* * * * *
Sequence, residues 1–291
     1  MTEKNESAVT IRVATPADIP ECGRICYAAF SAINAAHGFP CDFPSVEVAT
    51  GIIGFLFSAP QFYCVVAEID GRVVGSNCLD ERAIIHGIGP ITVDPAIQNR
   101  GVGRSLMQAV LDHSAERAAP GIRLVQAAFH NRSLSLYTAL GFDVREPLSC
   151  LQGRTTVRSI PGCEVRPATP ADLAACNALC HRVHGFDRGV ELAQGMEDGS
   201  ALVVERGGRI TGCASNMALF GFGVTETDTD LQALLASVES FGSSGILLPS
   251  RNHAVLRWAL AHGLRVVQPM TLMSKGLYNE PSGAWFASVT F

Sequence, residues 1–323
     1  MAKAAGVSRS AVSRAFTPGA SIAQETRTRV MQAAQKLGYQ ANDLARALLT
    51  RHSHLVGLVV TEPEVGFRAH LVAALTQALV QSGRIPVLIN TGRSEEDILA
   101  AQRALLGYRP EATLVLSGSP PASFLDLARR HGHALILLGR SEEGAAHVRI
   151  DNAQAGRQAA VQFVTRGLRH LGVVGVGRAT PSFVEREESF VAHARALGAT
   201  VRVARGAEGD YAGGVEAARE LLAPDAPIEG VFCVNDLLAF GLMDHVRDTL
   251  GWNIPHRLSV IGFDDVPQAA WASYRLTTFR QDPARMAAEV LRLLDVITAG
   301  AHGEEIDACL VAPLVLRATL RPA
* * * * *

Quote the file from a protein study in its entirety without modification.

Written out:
Sequence, residues 1–291
     1  MTEKNESAVT IRVATPADIP ECGRICYAAF SAINAAHGFP CDFPSVEVAT
    51  GIIGFLFSAP QFYCVVAEID GRVVGSNCLD ERAIIHGIGP ITVDPAIQNR
   101  GVGRSLMQAV LDHSAERAAP GIRLVQAAFH NRSLSLYTAL GFDVREPLSC
   151  LQGRTTVRSI PGCEVRPATP ADLAACNALC HRVHGFDRGV ELAQGMEDGS
   201  ALVVERGGRI TGCASNMALF GFGVTETDTD LQALLASVES FGSSGILLPS
   251  RNHAVLRWAL AHGLRVVQPM TLMSKGLYNE PSGAWFASVT F

Sequence, residues 1–323
     1  MAKAAGVSRS AVSRAFTPGA SIAQETRTRV MQAAQKLGYQ ANDLARALLT
    51  RHSHLVGLVV TEPEVGFRAH LVAALTQALV QSGRIPVLIN TGRSEEDILA
   101  AQRALLGYRP EATLVLSGSP PASFLDLARR HGHALILLGR SEEGAAHVRI
   151  DNAQAGRQAA VQFVTRGLRH LGVVGVGRAT PSFVEREESF VAHARALGAT
   201  VRVARGAEGD YAGGVEAARE LLAPDAPIEG VFCVNDLLAF GLMDHVRDTL
   251  GWNIPHRLSV IGFDDVPQAA WASYRLTTFR QDPARMAAEV LRLLDVITAG
   301  AHGEEIDACL VAPLVLRATL RPA